SAO PAULO, Sept 8 (Reuters) - Brazilian truckers staged
demonstrations throughout Brazil on Wednesday, partially
blocking key routes in several states and prompting President
Jair Bolsonaro to ask the protestors to stand down.
Truckers sympathetic to the president had partially
blockaded highways in 16 states as of the late evening, briefly
shutting down traffic in two locations, according to a statement
from the Infrastructure Ministry.
In the late morning, federal Brazil's highway police (PRF)
had reported 53 blockades on federal roads tied to "social and
political events, not involving key issues for independent
Bolsonaro drew tens of thousands of supporters to major
cities on Tuesday, including some truckers, using a national
holiday to step up his attacks on Brazil's Supreme Court and
voting system. Truckers have previously demonstrated this year
over high fuel prices.
"Speaking to the truckers out there, who are our allies,
these blockades hurt our economy," Bolsonaro said in an audio
WhatsApp message sent to truckers' groups and obtained by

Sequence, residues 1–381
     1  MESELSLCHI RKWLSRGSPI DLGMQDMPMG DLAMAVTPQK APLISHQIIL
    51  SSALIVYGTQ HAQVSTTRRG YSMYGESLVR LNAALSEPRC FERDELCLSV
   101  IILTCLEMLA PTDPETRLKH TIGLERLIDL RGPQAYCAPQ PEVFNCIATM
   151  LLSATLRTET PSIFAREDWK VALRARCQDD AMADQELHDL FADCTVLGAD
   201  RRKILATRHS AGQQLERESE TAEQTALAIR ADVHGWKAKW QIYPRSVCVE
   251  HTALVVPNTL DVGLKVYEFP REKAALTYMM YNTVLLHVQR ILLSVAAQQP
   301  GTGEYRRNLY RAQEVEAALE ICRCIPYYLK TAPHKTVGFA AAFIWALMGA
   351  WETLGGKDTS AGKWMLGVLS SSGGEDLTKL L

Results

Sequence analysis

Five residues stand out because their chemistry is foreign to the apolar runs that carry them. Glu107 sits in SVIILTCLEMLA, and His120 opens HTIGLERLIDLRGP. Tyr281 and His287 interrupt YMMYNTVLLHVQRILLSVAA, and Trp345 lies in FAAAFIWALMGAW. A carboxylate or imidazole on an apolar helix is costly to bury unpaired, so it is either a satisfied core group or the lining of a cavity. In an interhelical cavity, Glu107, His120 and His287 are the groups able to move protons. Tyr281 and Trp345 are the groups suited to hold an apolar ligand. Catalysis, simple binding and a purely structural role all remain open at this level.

Reuters on Wednesday night. "They cause supply shortages,
inflation and hurt everyone, especially the poorest."
In a separate video WhatsApp message circulating among
truckers' groups and obtained by Reuters, Infrastructure
Minister Tarcisio Freitas confirmed the authenticity of
Wednesday's blockades affected top grain-producing state
Mato Grosso, as well as Minas Gerais, where fuel truckers took
part in a 24-hour strike beginning on Tuesday.
Blockades were also reported near the port of São Francisco
do Sul in Santa Catarina and in Paraná, near Brazil's
second-busiest grain port, regional PRF branches said on
Brazil's grain exporters association ANEC, which represents
global merchants such as Cargill and Bunge, said the blockades
were not currently affecting grain shipments to ports.
In a statement, ANEC called the truckers' demonstrations "a
concern," and said it is counting on authorities to find a quick
The Brazilian Institute of Petroleum and Gas told Reuters it
was monitoring the blockades, but has not reported any impact on
A massive truckers' strike in 2018 ground Brazil's economy
to a halt and destroyed the remaining political capital of
then-President Michel Temer.
The dynamics of the current demonstrations are quite
different, with demonstrators protesting in favor of the
government rather than against it, but Brasilia and financial
markets follow all movements among Brazil's truckers closely,
given the massive impact blockades can have on the nation's
(Reporting by Ana Mano and Nayara Figueiredo in São Paulo, Gram
Slattery in Rio de Janeiro and Lisandra Paraguassu in Brasilia
Additional reporting by Marta Nogueira in Rio de Janeiro
Editing by Leslie Adler, Aurora Ellis and Kim Coghill)